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Temperatures rarely exceed 30 °C. The Colonial fort of San Antonio is part of the fort system of Ancud together with the nearby fort of Agüi is one of 4 fort systems of colonial Chiloé. It is made of 2 forts and 4 batteries. Fuerte Real de San Carlos was built as late as 1824 by orders of Antonio de Quintanilla, the last Spanish governor of Chiloé. The arsenal (polvorín) of this can still be seen at the centre of a small plaza. The battery of San Antonio is the best preserved part of the fort system. We were dropped off outside the fort and walked down the lane into a very small fort with a few cannons, a statue and a great view of Quilo Bay. It didn’t take long to see the fort and we soon rejoined the car.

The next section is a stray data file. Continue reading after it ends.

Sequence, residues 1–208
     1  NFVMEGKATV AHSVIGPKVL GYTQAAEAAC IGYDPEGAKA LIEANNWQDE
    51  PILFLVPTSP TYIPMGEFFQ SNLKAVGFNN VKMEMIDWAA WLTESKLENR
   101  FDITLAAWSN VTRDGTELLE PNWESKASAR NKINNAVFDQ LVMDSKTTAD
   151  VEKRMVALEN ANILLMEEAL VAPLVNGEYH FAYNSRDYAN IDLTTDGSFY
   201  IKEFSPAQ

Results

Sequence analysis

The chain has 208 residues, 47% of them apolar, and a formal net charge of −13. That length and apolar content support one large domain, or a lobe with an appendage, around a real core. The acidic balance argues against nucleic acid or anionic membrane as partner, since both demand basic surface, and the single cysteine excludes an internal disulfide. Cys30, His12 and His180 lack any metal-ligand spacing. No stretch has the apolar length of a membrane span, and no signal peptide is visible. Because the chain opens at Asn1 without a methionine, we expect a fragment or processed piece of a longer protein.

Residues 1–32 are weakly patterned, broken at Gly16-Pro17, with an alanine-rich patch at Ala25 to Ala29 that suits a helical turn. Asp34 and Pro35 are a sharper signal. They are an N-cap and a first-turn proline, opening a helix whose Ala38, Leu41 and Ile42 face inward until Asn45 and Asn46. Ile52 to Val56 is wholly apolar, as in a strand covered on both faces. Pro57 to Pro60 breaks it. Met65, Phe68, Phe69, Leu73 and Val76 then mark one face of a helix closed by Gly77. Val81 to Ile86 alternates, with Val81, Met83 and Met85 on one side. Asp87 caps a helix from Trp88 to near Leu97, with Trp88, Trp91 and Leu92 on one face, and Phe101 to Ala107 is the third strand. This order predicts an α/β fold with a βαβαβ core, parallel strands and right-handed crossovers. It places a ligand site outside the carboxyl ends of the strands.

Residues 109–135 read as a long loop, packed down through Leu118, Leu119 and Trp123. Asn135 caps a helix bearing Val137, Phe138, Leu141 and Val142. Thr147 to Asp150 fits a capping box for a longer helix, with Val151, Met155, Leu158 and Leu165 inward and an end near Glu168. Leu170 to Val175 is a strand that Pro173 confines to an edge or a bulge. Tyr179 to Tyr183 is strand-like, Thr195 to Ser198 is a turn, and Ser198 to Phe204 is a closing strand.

Chiloé Island/ Chonos Archipelago are a southern extension of the Chilean coastal range, which runs north and south, parallel to the Pacific coast and Andes Mountains. The Chilean Central Valley lies between the coastal mountains and the Andes, of which the Gulfs of Ancud and Corcovado form the southern extension. Mountains run north-south along the spine of the island. The east coast is deeply indented, with natural harbours and numerous smaller islands. The Alfaguara project (blue whale project), conducted by the Cetacean Conservation Centre, is based at Puñihuil (north-west coast). The project combines long-term research, educational and programs for marine conservation combined with sustainable development of local communities. Chiloe’s history began with the arrival of its first human inhabitants more than 7,000 years ago. Spread along the coast of Chiloé are a number of middens containing mollusc shells, stone tools and bonfire remains, indicate the presence of nomadic groups dedicated to the collection of marine creatures (clams, mussels etc) and to hunting and fishing. When the Spanish conquistadores arrived on Chiloé Island in the 16th Century, the island was inhabited by the Chono, Huilliche and Cunco peoples. The original peoples navigated the treacherous waters of the Chiloé Archipelago in boats called dalcas with skill that impressed the Spaniards. The first Spaniard to sight Chiloé was Alonso de Camargo in 1540, travelling to Peru. An expedition ordered by Pedro de Valdivia, captain Francisco de Ulloa reached the Chacao Channel in 1553 and explored the islands forming the archipelago, and is thus considered the first discoverer of Chiloé. In 1558, Spanish soldier García Hurtado de Mendoza began an expedition, which would culminate in the Chiloé archipelago being claimed for the Spanish crown. The city of Castro was founded in 1567. The island was originally called New Galicia but Chiloé, “place of seagulls” in the Huilliche language, was ultimately given to the island. Jesuit missionaries arrived on Chiloé at the turn of the 17th Century and built chapels throughout the archipelago, more than 150 wooden churches built in traditional style can be found on the islands, many are UNESCO World Heritage Sites. Following the expulsion of the Jesuits in 1767, the Franciscans assumed responsibility for Chiloé. Chiloé only became part of the Chilean republic in 1826, eight years after independence and following the two failed campaigns for independence in 1820 and 1824. From 1843, a large number of Chilotes (as inhabitants of the island are called) migrated to Patagonia in search of work, mainly in Punta Arenas, but as conditions in Chiloé improved this migration decreased. Isla Grande de Chiloé is the continent's fifth-largest island and home to a fiercely independent, seafaring people. Immediately apparent are changes in architecture and cuisine: tejuelas, the famous Chilote wood shingles; palafitos (houses mounted on stilts along the water's edge); the iconic wooden churches (16 of which are Unesco World Heritage sites); and the renowned meat, potato and seafood stew, curanto. A closer look reveals a rich spiritual culture that is based on a distinctive mythology of witchcraft, ghost ships and forest gnomes. All of the above is weaved among landscapes that are wet, wind-swept and lush, with undulating hills, wild and remote national parks, and dense forests, giving Chiloé a distinct flavour unique in South America.